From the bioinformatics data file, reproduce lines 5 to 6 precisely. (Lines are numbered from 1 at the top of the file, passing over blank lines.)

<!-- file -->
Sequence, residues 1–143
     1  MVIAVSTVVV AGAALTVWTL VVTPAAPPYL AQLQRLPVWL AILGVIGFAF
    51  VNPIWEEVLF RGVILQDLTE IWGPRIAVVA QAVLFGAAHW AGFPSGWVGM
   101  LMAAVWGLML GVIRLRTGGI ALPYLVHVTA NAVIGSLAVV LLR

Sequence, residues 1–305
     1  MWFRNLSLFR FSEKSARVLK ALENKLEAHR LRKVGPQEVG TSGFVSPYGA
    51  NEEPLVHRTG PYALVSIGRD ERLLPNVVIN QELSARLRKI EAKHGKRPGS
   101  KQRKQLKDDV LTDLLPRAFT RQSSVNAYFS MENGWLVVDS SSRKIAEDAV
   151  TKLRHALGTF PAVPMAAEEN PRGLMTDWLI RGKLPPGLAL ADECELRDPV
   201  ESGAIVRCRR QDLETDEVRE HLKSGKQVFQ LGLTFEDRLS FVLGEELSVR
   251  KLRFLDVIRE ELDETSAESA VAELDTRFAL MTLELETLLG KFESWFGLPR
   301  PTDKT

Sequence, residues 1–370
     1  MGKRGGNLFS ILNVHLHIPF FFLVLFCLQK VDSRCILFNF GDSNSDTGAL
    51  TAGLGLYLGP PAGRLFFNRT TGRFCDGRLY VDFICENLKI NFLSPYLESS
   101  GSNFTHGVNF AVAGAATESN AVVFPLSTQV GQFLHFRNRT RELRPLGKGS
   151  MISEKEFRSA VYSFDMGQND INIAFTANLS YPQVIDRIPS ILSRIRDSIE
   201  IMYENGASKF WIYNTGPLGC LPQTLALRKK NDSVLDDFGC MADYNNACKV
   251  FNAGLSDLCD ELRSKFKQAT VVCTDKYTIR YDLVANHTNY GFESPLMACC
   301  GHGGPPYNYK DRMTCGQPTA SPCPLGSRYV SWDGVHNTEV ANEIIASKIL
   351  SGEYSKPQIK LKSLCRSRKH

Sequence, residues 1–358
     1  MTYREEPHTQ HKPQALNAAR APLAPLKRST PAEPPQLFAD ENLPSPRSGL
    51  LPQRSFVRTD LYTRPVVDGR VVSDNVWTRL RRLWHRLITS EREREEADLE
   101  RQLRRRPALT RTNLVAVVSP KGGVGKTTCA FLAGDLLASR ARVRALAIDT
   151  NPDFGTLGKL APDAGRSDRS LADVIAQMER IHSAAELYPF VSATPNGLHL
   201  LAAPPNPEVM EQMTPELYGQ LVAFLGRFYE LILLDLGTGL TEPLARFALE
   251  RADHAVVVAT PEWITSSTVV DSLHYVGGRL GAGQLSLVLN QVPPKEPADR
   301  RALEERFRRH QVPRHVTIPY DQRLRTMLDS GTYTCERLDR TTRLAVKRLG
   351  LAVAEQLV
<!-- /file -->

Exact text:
Sequence, residues 1–305
     1  MWFRNLSLFR FSEKSARVLK ALENKLEAHR LRKVGPQEVG TSGFVSPYGA